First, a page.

Another notable way people’s home lives are changing is, of course, that people have had to recreate “offices” and “classrooms” within the walls of their homes. According to the survey report, 45 percent of people have had to turn some spots in their homes, such as “their living room or dining areas,” into a workspace. One “random-answer” awardee even said that their home office was in their camper in their driveway! And more than 20 percent were actually already somewhat equipped for this situation, saying that they’d had a designated home office space already. Here’s our guide to what you need to be successful working from home.

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Cat on a bed and feet of a personLinda Raymond/Getty Images

Spending more time with pets…

Pets old and new are providing a major comfort during this time. Spending time with pets was the most popular answer to the survey’s question about the best way to cope with the upended reality of COVID-19. Nearly a third of respondents named time with Fido or Fluffy as their preferred way of dealing with the current circumstances. And some changes go beyond just spending more time with pets; social isolation has made some people take the leap and get, or foster, a furry friend. For instance, one of our contributors says that fostering a dog during quarantine is the best decision she ever made.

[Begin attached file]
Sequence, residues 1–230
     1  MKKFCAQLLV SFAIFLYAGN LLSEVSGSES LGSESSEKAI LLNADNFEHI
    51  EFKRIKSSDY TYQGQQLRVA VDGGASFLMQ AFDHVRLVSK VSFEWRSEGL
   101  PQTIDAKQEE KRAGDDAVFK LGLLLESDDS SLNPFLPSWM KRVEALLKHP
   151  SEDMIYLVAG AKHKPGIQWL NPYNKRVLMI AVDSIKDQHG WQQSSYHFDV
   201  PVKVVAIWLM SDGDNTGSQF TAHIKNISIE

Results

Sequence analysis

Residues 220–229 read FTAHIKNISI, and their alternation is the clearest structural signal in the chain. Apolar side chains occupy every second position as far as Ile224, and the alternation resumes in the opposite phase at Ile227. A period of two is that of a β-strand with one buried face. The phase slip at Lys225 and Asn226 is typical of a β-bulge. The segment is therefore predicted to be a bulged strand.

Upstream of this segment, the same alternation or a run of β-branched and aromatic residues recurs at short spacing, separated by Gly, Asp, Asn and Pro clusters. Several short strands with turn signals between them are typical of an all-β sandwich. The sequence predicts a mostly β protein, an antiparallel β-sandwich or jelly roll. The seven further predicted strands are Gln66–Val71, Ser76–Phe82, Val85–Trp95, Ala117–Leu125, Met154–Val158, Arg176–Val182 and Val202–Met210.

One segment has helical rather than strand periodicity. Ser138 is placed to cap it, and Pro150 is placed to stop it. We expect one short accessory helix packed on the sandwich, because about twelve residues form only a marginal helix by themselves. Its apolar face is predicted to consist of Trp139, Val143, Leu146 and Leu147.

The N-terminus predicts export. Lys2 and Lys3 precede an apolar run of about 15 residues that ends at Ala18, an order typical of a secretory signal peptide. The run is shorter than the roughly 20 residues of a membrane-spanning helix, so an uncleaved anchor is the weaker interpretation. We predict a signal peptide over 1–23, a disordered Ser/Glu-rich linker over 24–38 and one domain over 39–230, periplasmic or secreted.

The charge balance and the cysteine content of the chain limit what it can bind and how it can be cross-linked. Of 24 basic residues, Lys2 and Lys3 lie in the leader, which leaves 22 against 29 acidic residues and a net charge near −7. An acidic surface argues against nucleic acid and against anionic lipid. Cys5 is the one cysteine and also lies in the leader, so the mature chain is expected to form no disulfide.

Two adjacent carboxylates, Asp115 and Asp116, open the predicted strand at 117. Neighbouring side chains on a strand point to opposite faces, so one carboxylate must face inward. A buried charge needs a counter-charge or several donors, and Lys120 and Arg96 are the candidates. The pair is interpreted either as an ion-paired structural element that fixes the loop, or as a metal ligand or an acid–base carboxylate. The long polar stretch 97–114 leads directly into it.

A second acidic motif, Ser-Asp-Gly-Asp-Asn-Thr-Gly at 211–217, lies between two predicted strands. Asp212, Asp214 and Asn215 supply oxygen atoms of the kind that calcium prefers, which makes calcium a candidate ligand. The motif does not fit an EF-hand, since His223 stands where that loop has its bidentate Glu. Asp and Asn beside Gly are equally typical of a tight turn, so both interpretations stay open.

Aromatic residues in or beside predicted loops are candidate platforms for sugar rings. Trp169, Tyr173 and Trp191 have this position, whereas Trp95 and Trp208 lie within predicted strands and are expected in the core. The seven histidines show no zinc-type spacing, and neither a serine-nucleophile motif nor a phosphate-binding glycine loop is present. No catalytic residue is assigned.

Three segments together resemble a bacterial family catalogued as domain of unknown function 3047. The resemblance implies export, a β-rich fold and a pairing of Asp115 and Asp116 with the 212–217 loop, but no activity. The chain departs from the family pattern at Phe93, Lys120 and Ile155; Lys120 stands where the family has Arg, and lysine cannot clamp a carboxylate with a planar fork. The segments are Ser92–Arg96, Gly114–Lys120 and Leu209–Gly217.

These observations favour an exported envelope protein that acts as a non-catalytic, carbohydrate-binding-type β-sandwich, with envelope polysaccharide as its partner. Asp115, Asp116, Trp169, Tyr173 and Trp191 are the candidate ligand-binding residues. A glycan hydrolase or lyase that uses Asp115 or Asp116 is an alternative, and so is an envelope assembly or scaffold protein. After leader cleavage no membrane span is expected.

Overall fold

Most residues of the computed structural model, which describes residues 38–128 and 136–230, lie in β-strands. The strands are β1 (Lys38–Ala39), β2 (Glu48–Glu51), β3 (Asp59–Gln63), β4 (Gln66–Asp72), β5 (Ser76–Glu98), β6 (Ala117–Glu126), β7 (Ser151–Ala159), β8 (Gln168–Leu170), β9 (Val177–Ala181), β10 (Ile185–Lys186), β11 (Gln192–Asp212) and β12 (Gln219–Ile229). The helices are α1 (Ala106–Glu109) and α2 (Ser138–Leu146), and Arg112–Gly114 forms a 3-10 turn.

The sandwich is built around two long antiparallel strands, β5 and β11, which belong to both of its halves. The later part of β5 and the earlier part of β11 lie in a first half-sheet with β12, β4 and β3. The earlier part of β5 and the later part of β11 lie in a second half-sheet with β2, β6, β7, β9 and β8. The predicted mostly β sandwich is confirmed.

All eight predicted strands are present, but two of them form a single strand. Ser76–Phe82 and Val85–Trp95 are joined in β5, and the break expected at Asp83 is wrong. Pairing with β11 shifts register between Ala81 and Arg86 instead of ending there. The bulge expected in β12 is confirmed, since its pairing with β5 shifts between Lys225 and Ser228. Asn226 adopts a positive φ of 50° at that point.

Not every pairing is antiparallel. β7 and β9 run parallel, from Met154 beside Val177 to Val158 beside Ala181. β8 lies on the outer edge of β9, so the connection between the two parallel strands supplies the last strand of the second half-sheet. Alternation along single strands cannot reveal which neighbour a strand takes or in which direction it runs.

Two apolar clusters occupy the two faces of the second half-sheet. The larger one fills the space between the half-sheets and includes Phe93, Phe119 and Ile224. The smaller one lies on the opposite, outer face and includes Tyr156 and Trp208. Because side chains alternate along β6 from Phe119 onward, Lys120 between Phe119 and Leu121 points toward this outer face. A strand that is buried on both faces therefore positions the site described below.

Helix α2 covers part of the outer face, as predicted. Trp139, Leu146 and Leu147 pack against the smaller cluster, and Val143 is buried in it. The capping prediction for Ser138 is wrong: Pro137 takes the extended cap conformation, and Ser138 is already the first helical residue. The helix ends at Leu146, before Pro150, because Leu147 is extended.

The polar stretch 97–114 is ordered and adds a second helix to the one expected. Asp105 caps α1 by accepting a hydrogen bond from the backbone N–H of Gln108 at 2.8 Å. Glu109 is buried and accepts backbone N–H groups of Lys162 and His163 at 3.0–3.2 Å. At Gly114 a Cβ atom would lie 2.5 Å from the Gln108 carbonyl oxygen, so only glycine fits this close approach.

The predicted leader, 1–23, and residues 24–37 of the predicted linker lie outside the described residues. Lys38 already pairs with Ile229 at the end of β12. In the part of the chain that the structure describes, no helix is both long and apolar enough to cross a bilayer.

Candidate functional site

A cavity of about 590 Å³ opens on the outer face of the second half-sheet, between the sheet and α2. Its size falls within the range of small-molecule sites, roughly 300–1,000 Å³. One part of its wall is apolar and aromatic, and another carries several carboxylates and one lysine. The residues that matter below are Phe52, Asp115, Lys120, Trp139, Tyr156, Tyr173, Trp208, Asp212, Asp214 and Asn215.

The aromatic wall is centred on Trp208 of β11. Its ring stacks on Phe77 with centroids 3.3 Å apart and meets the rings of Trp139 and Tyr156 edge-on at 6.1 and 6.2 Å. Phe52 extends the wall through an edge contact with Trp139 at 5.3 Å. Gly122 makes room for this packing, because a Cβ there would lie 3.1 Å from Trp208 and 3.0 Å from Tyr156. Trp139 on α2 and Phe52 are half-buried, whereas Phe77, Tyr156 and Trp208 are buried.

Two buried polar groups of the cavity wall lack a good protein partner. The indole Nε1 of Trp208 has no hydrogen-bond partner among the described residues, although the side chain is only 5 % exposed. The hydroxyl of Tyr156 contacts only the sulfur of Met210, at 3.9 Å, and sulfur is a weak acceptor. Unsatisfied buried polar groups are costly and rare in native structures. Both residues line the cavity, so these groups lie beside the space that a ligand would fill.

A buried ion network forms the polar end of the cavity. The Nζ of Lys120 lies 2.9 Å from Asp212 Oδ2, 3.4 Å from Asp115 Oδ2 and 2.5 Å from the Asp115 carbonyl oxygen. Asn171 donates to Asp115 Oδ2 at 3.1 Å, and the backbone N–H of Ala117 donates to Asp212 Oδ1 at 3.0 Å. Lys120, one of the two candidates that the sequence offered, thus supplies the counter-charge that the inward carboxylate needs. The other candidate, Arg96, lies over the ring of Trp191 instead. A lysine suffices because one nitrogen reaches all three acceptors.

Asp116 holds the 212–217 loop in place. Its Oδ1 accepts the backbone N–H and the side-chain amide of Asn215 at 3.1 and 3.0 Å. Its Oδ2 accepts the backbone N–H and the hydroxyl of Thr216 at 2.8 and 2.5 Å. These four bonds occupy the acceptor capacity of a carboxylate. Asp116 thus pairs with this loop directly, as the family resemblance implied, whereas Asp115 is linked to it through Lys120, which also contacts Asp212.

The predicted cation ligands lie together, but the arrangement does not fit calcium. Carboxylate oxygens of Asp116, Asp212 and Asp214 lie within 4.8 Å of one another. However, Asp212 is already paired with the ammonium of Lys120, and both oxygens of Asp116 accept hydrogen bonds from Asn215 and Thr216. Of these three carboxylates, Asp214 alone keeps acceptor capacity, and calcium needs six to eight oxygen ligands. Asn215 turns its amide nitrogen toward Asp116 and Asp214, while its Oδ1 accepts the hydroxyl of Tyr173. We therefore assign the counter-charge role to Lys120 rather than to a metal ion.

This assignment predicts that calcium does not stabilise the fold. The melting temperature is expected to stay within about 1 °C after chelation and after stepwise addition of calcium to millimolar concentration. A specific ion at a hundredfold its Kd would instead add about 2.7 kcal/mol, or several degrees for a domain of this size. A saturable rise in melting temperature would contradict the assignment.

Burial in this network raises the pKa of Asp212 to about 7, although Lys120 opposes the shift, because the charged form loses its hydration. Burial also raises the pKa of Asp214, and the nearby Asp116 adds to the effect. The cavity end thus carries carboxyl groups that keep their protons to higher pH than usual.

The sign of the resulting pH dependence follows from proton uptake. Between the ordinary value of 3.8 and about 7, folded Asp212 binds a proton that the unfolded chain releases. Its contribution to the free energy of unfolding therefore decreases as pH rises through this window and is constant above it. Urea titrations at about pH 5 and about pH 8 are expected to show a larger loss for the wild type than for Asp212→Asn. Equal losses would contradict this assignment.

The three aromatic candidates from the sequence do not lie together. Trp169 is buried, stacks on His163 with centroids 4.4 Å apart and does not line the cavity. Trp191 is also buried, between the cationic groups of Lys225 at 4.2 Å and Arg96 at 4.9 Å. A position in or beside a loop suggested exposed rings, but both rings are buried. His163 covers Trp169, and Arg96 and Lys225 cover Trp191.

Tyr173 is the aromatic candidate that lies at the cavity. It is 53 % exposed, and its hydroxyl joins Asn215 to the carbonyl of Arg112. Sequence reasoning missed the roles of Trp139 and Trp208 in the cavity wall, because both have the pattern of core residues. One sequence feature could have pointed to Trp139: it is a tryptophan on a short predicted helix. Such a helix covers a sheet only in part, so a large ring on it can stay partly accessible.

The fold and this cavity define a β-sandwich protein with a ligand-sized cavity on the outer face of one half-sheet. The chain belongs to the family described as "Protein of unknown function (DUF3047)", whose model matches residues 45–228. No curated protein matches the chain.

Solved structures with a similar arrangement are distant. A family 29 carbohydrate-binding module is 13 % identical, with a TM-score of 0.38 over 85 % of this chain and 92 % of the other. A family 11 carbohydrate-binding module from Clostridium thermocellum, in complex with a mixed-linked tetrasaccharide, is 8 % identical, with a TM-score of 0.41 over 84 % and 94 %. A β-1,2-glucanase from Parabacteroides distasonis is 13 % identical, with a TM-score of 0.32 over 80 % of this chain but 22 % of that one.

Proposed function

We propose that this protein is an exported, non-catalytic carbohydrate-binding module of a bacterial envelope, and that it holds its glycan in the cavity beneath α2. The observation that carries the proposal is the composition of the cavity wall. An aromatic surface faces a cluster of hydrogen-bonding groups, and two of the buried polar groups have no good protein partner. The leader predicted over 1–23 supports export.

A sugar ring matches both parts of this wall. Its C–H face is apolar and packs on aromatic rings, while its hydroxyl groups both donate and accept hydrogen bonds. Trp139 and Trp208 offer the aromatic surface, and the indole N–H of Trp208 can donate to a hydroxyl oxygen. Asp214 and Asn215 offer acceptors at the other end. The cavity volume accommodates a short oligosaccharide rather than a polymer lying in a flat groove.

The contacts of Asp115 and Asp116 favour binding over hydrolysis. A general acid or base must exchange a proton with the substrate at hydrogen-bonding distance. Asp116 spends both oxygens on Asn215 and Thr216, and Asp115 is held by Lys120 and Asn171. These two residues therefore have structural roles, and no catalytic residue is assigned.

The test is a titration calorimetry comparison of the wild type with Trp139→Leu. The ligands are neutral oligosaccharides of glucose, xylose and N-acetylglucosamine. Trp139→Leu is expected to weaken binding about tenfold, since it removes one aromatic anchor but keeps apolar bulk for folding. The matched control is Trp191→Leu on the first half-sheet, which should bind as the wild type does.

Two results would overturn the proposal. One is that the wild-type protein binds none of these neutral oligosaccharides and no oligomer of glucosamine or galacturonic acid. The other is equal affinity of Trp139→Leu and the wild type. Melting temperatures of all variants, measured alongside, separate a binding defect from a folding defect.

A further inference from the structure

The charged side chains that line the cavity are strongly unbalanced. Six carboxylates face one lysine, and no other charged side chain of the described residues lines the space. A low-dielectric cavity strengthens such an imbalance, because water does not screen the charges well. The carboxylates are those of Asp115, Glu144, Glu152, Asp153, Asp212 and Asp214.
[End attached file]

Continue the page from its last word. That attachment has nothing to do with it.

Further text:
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…and on screens

For survey respondents, consuming funny content online was “a close second” for the favorite coping mechanism, coming in just behind pet lovers’ at less than 33 percent. And while many appreciated the way online videos could take the edge off—and more than half of respondents lauded the way technology allows them to get in touch with loved ones—tech has been a blessing and a curse. Just shy of a third of survey respondents said that spending too much time glued to screens was their “greatest challenge” during this time. (Although, if that’s your greatest challenge right now, definitely count your blessings!)

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Close up of change jar on deskJGI/Jamie Grill/Getty Images

Saving money

Of course, this pandemic has had a devastating economic effect, and many people who have lost their jobs are really struggling financially. Here’s how you can get money quickly to family or friends who are out of work. But other people are noticing that their spending has gone drastically down, and they’re actually saving quite a bit of dough. Thirty-nine percent of the survey respondents asked what they thought the “best” part of the quarantine was, said that it was “saving money on eating out and entertainment.” As much as we obviously miss those things, we can appreciate how much money we’re saving without them. Here are some more little silver linings that will help you feel better about the quarantine.

Next, take a look at our Coronavirus Guide to discover more ways to stay sane, keep your family safe, and make the most of together time.